Any team that gives the ball away cheaply to Keisuke Honda is not going to win too many A-League games against Melbourne Victory this season.
One of the more notable aspects of yesterday’s A-League action was the fact that neither losing coach blamed their team’s loss on anything other than a poor performance.
“I think the performance was not the best. The intensity was not so high as I expected or as we need, and also the compactness was not (as high),” said Adelaide United coach Marco Kurz in the press conference following his team’s 2-0 defeat to Perth Glory at a hot and sunny Coopers Stadium.
Mariners coach Mike Mulvey was even more succinct in his appraisal of his team’s 4-1 defeat to Melbourne Victory at AAMI Park.
“(You) can’t give a team like Victory opportunities to score, because they’re good enough to score goals themselves,” said the brutally honest Mancunian.
“You’ve got to play two halves of football. You can’t play just 20 minutes in the first half, concede three goals and then come alive in the second half. It’s not good enough,” Mulvey added.
So far, so accurate. And Mulvey – who was characteristically blunt – suggested he wouldn’t be afraid to test his squad’s depth since there’s “no relegation and promotion” in the A-League.
But here’s the problem if you’re a Central Coast Mariners fan. Despite signing no less than 14 new players during the off-season, do they really possess the quality to compete with the A-League’s best teams?
They certainly won’t trouble too many opponents when they needlessly hand possession to a player like Honda.
As if the Japanese star hadn’t already fired enough warning shots, he was quick to seize upon Antony Golec’s misplaced pass and fire Victory in front with a clinical finish.
And as impressive as Honda was for the hosts, it was arguably James Troisi who stole the show, with the pair working in perfect sync playing in duel number 10 roles.
That’s one of the major differences between a side like the Mariners and the defending A-League champions.
Whereas one team had a player like Tommy Oar struggling to impose himself on the game, the other had two creative sparks working in tandem.
And the Mariners inability to defend as a cohesive unit in the first half – let alone create some decent chances themselves – cost them dearly.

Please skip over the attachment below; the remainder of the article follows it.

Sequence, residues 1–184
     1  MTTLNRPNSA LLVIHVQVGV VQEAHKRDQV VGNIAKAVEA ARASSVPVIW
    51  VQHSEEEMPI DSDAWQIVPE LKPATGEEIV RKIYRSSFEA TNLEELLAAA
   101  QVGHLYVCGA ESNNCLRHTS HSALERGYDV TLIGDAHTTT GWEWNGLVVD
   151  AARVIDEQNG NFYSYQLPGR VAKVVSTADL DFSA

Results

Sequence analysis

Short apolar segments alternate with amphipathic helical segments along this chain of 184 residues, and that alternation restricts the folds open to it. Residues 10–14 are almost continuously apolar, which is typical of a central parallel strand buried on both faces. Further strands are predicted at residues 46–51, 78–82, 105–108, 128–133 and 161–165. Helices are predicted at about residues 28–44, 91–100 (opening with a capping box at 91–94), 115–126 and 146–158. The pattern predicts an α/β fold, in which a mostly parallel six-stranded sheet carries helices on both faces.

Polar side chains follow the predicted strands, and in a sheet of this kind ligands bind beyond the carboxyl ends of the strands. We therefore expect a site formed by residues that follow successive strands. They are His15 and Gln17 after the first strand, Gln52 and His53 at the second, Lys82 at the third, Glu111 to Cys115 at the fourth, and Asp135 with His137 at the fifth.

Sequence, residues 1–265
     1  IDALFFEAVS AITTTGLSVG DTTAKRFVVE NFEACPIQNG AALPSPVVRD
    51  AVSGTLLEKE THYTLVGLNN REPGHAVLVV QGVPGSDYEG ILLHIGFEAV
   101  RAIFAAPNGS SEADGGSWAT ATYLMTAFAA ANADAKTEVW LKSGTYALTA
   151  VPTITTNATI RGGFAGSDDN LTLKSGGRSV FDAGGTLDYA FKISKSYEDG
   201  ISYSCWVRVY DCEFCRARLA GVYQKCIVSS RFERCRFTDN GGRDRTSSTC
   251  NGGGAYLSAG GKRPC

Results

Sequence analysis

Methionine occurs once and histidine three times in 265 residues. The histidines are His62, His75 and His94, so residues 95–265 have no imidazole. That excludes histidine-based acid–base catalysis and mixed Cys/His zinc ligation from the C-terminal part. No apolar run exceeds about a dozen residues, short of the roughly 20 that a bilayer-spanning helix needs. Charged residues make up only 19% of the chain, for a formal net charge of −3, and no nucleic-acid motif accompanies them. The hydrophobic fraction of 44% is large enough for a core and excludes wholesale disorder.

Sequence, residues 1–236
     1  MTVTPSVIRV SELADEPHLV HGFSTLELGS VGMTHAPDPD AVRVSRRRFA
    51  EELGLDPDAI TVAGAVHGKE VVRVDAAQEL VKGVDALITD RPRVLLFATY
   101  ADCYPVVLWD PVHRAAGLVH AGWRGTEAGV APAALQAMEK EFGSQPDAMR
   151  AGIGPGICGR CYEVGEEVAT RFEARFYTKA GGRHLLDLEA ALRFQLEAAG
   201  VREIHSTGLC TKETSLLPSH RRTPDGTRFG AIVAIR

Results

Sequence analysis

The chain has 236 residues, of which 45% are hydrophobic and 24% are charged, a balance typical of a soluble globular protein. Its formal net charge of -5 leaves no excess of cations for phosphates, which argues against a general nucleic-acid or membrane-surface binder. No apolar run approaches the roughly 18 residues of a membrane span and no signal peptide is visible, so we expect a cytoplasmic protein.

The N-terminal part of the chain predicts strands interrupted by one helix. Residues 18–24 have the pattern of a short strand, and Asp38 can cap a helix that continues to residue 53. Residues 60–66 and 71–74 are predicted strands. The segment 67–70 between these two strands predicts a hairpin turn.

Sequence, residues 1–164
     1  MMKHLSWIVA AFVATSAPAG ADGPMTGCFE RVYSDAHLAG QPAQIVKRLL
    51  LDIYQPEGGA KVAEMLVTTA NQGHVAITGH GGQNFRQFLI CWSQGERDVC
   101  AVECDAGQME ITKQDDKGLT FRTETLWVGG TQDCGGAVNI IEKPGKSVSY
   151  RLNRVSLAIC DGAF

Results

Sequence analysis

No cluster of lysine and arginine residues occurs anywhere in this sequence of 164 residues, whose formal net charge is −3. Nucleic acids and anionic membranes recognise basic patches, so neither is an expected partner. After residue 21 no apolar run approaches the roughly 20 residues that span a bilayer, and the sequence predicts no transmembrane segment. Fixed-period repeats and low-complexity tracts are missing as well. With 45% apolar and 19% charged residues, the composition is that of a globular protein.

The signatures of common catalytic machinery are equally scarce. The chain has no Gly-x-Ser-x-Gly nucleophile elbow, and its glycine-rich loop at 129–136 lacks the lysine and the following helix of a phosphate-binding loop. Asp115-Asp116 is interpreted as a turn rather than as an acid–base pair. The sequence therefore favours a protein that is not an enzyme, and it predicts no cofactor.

Why so many teams persist in trying to play the ball out from the back instead of employing safety-first tactics remains a mystery to many A-League observers.
Giving the ball away in the final third of the pitch is the ultimate coach killer.
Liam Reddy almost cost Perth Glory a penalty when Dino Djulbic put the Glory goalkeeper under all sorts of pressure with a difficult back pass, and the tendency for teams to constantly turn around and go backwards is one of the more frustrating elements of the A-League.
Glory got lucky again when the VAR intervened to adjudicate on a Shane Lowry handball, and while the replay suggested the incident took place inside the penalty area, referee Chris Beath nevertheless awarded a free-kick instead.
Credit, then, to Marco Kurz – who refused to blame the VAR decisions as the reason for his side’s defeat.
Had Joel Chianese buried an earlier chance when he smashed a left-footed shot against the crossbar, Glory might have been in the ascendency anyway.
Perth will be tough to beat under Tony Popovic this season – particularly if they continue to string five-men across the back when not in possession – and so far they’ve done all the little things well, including taking their chances.
It will be interesting to see if much changes once Diego Castro comes back.
And it’s nice to see a bit of attacking endeavour rewarded in the A-League.
Plenty of teams set up with their defence in mind, but it’s attacking football that keeps fans coming back.